Returning us to central tensions in Ground Truths—between mourning and renewal, death and regeneration, destruction and new growth—Andreas Rutkauskas’s Silent Witnesses series refuses to resolve them. Instead, these photographs expertly show how fire’s power is both destructive and restorative, and prompt reflection about what roles humans should play, as witnesses and stewards, in capturing, rerouting, or simply admiring what Ruskauskas describes in his artist’s statement as “fire’s power to sculpt the land.” Rutkauskas’s photographs get at this question, in part, by re-centering plant agencies, using an outdoor strobe light to illuminate what he rightly considers valuable “members of a community.” Rutkauskas’s framing disrupts the common anthropocentric perspective of looking down and out across a burned-over area by positioning a dried-out shrub in the foreground. What first appear to be almost black-and-white shots quickly take on multiple dimensions of color and texture. White tufts of dandelions pop against a blackened forest. Ponderosas are marked by vibrant orange splotches beneath the bark, which shine neon against charred trunks and signal the emergence of new layers of growth. In all three images, the foreground glows, attracting my eye and heart to brightness rather than the threatening sense of dread or the grief that often overwhelms us when confronted with destruction. One thing that becomes visible, and felt, from this vantage point is a sense of near-miss relief: the feeling that things could have been even worse. But what strikes me most is the bright green understory, which brings a spirit of resilience, even joy, to the darkness.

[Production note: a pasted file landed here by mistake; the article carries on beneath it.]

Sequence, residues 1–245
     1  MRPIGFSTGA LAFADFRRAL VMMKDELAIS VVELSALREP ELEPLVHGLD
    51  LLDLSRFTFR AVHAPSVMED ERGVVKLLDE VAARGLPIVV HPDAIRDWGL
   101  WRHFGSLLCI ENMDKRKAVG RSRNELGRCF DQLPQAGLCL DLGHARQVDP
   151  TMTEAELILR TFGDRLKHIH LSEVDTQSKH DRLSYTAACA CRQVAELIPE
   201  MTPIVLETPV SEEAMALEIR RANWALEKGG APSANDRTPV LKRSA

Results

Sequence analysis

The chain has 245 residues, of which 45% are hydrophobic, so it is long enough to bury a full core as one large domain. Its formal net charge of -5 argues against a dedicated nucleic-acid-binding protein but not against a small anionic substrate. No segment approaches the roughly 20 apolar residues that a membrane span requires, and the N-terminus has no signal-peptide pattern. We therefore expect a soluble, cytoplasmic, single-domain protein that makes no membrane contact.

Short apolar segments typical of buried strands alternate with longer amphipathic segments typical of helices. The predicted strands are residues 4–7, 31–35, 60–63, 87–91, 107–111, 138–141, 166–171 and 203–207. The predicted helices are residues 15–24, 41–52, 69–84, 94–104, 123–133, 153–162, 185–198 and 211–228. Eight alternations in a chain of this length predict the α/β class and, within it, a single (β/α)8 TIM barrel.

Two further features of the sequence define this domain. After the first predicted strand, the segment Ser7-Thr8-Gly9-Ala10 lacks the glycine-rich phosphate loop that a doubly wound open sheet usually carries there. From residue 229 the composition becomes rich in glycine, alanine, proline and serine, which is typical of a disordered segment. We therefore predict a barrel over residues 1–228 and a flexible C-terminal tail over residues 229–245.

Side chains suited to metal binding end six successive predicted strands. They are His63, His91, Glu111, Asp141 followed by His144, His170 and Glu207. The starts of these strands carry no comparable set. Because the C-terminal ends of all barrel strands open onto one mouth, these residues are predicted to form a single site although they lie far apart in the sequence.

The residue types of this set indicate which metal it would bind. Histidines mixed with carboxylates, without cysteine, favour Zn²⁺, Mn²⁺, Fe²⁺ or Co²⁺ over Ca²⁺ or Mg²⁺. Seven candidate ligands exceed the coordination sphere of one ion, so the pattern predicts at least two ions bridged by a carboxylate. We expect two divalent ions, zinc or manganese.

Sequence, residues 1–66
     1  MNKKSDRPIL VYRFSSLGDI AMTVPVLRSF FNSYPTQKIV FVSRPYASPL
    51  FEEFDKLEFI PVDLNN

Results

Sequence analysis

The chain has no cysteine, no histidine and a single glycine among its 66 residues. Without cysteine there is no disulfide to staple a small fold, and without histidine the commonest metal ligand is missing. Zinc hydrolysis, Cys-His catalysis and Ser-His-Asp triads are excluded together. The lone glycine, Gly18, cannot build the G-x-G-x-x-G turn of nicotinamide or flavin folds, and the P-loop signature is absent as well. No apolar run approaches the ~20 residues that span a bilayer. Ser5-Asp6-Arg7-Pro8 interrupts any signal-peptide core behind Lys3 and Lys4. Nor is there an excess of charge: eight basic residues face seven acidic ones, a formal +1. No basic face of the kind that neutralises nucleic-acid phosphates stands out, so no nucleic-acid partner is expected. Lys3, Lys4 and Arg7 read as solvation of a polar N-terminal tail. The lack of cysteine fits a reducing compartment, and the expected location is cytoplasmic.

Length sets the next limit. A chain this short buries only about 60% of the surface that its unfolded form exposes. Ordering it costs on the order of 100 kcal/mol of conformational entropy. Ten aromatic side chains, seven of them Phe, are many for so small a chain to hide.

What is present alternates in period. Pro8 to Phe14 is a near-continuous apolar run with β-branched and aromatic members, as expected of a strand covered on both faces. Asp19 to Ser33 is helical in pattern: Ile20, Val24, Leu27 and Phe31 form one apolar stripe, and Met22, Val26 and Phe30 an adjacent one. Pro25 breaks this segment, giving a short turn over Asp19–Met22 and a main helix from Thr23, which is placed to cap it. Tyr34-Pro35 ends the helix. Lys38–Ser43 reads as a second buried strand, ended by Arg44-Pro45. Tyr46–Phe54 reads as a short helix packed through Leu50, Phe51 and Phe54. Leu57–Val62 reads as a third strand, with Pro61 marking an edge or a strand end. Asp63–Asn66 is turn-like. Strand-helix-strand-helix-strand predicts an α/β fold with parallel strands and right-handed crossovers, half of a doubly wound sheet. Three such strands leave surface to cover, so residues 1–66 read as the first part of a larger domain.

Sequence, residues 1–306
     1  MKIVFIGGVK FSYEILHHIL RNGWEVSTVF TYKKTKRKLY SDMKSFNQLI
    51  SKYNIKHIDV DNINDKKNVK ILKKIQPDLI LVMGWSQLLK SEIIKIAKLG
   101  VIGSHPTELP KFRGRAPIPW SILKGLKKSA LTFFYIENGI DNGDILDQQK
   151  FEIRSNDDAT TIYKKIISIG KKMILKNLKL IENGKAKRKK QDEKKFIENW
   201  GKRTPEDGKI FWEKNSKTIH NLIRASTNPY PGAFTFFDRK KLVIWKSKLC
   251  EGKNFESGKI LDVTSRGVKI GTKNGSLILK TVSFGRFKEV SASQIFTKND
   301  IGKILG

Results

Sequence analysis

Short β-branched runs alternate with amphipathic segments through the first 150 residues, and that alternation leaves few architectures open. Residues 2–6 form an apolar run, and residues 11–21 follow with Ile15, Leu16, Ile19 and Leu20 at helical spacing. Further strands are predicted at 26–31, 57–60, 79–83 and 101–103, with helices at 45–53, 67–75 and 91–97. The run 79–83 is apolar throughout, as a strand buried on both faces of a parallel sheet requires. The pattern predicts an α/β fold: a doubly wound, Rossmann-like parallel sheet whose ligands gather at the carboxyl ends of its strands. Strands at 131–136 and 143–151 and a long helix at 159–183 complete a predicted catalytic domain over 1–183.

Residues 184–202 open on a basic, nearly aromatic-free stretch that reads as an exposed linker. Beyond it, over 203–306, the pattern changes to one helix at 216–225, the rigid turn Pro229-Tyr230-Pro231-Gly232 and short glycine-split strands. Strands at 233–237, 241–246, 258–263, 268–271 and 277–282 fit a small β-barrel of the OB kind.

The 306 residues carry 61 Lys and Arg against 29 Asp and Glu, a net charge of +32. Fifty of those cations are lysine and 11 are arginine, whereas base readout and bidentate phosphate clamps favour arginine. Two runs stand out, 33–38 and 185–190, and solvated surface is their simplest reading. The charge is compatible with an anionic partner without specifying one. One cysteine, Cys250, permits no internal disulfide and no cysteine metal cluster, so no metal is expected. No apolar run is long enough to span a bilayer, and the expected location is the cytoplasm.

Katie Kehoe’s Wildfire Shelters for Small Animals operates in a similarly dissonant mode. Small animals often imply cuteness or play, but fire shelters are deadly serious. Trained firefighters practice deploying shelters very quickly, with the knowledge that they are last resorts for survival, to be used only when a flame front is overtaking the crew—in other words, when death is imminent. These triangular shelters are arranged so that their tips touch in a kind of wheel, conjuring a “circling the wagons” sense of protection. But who is included in the circle, and who is the implied enemy? How do we protect not only ourselves, but other animals as well, from destruction? What “survival architecture,” to cite Kehoe’s provocative phrase, is required for our hearts? Kehoe’s art asks what “lifesaving devices” we need to develop to survive and perhaps even thrive in uncertain fire futures. They also beg a more basic question: who is the “we”? Why should large mammals—humans in particular—get priority for survival? Kehoe’s shelters, like Pyro Postcard’s “babes in the woods” avoid a sentimental Bambi-ism but nevertheless tap into a profound and common human concern for “small animals,” harnessing that concern for fire awareness. Ultimately, Kehoe’s project, like all of the work in Sightlines, confronts us with the harsh material realities and the “survival architecture” we must create in the face of extreme conditions—individual wildfires, changing fire regimes, and, more broadly, the climate crisis.


further considerations contributed by

Sightlines Juror Jennifer Ladino,

February 2024